A few short years later I was graduating with a Bachelor of Science degree in Respiratory Therapy and passed my boards to become a bona fide RRT. (Little did I know that a 4 year degree in this field was a rarity and only recently the push is on for therapists to obtain this degree.) My 1st job, after graduating, was to work for St. Luke's Hospital in KC. I adored this job. I was exposed to so many aspects of respiratory care. My favorite was working in the Neonatal Intensive Care. I got to go to high risk deliveries to help stabilize the premies, run the ventilators and other oxygen delivery devices, performed all kinds of therapy. It was very difficult work but I absolutely adored it. St. Luke's also provided me with the opportunity to become a member of the Life Flight team. You know, those medical helicopters you see at the scene of accidents transporting the patient to the nearest trauma center. It was enjoyable but I still loved the babies best.

To be continued....

Thanks MJ, for this suggestion. It's been fun going down memory lane! Be sure to grab your well deserved button at the top of my blog!


Pelican Joe said...

I'm number 100! I'm number 100!

Doctor FTSE said...

Pelican Joe . . have you heard this one?

"Only 1 person in 100 understands binary arithmetic. The other 3 haven't a clue. (Or should that be the other 11?)"

I'm number 5! Oops . . sorry! Number 101!

Pelican Joe said...

Let's see:


Boy, we keep this up, I'll have to break out my old assembler books!

MJ said...

I am CRACKING up over the video - I actually have tears running down my face!!!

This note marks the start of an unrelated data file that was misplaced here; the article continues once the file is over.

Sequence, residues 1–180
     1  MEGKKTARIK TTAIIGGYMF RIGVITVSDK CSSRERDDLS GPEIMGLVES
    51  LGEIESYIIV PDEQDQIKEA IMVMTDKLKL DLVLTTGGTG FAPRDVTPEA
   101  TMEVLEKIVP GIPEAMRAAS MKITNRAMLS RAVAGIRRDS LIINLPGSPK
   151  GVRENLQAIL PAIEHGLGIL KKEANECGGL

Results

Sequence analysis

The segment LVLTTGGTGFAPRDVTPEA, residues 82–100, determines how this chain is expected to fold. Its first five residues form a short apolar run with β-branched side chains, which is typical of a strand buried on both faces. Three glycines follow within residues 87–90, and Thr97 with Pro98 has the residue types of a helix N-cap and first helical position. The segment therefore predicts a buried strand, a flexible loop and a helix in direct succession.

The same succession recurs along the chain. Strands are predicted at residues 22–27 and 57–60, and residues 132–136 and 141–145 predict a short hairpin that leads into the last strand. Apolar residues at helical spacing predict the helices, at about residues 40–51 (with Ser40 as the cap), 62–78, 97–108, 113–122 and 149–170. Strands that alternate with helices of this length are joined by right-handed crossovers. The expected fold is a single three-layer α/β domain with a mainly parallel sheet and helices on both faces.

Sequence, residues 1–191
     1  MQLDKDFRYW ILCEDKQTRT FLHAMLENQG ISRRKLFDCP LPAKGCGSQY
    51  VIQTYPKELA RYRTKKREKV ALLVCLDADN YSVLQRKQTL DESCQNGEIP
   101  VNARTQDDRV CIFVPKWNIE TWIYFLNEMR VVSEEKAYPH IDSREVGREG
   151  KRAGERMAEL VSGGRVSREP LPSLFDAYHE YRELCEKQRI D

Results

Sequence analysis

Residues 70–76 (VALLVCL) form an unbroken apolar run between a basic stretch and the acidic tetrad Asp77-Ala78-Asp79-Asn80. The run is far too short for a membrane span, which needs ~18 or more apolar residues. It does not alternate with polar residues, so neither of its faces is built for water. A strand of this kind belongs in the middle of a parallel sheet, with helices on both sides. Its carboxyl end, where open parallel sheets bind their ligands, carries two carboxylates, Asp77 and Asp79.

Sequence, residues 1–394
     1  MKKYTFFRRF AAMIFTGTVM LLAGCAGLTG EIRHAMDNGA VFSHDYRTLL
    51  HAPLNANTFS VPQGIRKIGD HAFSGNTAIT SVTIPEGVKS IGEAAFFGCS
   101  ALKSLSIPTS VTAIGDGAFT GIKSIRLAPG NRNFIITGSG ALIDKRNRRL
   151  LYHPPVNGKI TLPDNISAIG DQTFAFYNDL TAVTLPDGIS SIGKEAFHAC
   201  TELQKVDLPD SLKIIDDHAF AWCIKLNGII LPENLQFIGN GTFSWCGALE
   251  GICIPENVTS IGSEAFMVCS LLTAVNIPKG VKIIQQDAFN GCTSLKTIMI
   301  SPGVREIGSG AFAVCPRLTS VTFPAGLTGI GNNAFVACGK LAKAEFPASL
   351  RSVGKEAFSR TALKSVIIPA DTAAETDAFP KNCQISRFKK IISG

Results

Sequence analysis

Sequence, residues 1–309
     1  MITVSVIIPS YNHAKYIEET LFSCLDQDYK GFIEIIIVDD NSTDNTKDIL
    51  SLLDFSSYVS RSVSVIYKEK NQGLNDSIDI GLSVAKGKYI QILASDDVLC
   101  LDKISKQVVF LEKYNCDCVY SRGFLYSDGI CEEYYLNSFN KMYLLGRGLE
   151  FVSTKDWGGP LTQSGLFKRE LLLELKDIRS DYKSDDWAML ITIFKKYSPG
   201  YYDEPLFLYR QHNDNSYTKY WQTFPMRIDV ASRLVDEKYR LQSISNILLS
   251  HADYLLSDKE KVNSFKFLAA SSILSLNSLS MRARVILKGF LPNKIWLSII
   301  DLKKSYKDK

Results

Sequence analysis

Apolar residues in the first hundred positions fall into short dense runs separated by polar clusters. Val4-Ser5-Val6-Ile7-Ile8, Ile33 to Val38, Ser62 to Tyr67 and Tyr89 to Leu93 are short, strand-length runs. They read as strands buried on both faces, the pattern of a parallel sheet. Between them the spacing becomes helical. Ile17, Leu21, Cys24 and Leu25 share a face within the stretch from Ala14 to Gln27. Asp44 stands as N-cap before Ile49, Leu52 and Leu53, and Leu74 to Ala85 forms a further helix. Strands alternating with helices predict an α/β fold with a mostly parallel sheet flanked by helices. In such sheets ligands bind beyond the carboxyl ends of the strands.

Wow, it's hard to believe that you were able to do all that as an "assistant" - goes to show how things have changed over the years!

NICU is one of the HARDEST areas - but can be so fullfilling :o) Our RTs go to each delivery - which is soo nice. I remember having Ducky and looking at the RT saying TAKE HER she needs O2.

Thank you for the honor of choosing one of my topics!

Anonymous said...

Hi! I envy people who figure out what they would like to do at a young age and go for it. I was (sometimes still am) clueless as to what I would really like to be when I grow up!

BTW - no, your blog is still not loading in my little box...I'm not sure why!

Julie Schuler said...

Oh my goodness. Bless you and your work. I get palpitations just thinking about all that responsibility. I can only imagine I would faint dead away in many of the situations you've been in.

Willoughby said...

I have a huge amount of respect and admiration for the work you do. I can't imagine how many people's lives you have touched.

I have a special place in my heart for RRT's because when my daughter was in the NICU, the respiratory therapists were amazing! They were always so patient in explaining everything to us. Between some very dedicated RRT's and NICU nurses, they got her off the vent, through a difficult stage of CPAP and onto a nasal canula so we could finally bring her home. The doctors wanted her to get a trach, but the respiratory therapists and nurses told us to hold our ground and insist on giving her more time. I can't tell you how much their input meant to us.

Corrie Howe said...

I've enjoyed reading your story into your career. I'm looking forward to reading more.

I love the movie. Did you make it? I went to the site and bookmarked it. I bet Jonathan would love this.

Life Laugh Latte said...

What is better than hearing people's life stories? Fabulous. Holly

Betty said...

Oh Polly , you're so special!
I admire your work you do, and your carrier.
Look forward to reading more.
Beautifully written story!
love and hugs

gayle said...

So very interesting!! Can't wait to read more!

蚵仔麵線Jeff said...